Product Development is all about creating, growing, and nurturing healthy relationships. Imagine a workplace where:
- We take 100 percent personal responsibility for our own feelings — without turning to blame or avoidance.
- We commit to learning with one another when conflicts arise. Conflict happens, yet we do not withdraw or give ourselves up to avoid conflict.
- We are openly affectionate. Hugging is more normal than a cold handshake.
- Laughing and playing happens on the team, with delight.
- The team supports one another to achieve their own highest good.
- Everyone on the team feels valued.
- We value the customer.
If this describes both you and your team, then you likely have a healthy, growing relationship with the team, and perhaps this is what you learned while struggling to navigate the complex waters of product development. But many people not have this experience. You might have seen this instead:
- Silence on the team signaling withdrawal, resistance and/or giving themselves up to control, or avoiding conflict. (Even anger is better than silence, because with anger we have a place to start a dialogue.)
- People blame one another. This is most often seen during a retrospective when fault is directed to a person rather than the team swarming to improve process.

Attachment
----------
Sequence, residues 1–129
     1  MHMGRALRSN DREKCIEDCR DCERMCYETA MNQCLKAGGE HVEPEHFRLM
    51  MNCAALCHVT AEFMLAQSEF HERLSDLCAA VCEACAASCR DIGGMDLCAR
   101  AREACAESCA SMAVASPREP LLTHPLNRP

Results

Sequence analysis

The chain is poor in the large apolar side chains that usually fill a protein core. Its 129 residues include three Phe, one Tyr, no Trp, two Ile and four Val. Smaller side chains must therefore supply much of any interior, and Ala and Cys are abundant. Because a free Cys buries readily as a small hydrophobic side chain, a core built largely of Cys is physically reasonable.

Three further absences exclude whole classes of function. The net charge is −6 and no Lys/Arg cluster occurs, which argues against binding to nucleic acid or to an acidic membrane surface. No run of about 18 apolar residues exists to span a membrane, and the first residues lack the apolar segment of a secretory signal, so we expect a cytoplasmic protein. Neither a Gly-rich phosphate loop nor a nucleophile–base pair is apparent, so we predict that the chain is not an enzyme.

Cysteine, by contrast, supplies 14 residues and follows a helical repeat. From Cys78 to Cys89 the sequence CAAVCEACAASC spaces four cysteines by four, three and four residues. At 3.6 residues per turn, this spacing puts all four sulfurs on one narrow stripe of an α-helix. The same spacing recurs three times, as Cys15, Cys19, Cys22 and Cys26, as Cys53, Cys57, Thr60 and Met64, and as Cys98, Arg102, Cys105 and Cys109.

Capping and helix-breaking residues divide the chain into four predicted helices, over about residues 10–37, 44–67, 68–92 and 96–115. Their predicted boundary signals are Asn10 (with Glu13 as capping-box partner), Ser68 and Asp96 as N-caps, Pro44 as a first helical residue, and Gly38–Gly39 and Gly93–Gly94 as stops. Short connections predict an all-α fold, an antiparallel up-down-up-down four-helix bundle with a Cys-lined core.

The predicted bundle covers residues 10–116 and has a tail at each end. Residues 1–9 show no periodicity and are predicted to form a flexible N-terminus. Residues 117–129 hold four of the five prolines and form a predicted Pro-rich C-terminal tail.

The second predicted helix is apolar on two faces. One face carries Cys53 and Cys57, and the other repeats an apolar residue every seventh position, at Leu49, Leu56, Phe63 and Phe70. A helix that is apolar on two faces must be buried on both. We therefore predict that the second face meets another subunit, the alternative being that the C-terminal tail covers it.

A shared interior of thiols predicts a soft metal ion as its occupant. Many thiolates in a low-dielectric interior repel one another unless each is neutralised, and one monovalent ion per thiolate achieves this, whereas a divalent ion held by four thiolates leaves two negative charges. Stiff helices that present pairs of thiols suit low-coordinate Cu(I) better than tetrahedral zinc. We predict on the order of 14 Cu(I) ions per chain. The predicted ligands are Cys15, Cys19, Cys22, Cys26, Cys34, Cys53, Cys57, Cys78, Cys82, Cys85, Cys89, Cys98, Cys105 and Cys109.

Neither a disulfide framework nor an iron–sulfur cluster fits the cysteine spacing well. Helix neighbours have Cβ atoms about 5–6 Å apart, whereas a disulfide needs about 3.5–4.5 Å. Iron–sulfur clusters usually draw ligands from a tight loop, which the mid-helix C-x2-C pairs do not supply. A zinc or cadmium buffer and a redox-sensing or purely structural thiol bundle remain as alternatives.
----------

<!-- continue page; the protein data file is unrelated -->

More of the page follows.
- Members of the team turning to various addictions, such as food, alcohol, drugs, perhaps gaming, to avoid feeling and taking responsibility for their feelings.
- Not knowing how to lovingly resolve conflict due to being closed to learning with one another.
- Not being there for one another. Not supporting one another’s highest good.
- Not laughing, playing or showing any affection. Watch your team – what physical proximity do they tolerate? (I’ve seem remote workers with much closer proximity than a team under emotional strife.)
- Control, or wanting to control others, runs rampant.
- We’re not sure who the customer is.
If this second scenario describes you and your team, then you/your team members may be coming into their product development relationships with some excess baggage. Some could even be immediately triggered into anger, withdrawal, compliance or resistance when conflict arises, creating a situation where conflict doesn’t get resolved.
Relationships are not easy. If you want a healthy, growing team relationship while charting the waters of product development, you’ll have to be willing to work at it to heal the team (and yourself.) Instead of calling this a problem, let’s call it a journey towards healthy product development.
Step one, value yourself. Step two, value one another. If you don’t value yourselves, or one another, it’s doubtful you value the customer.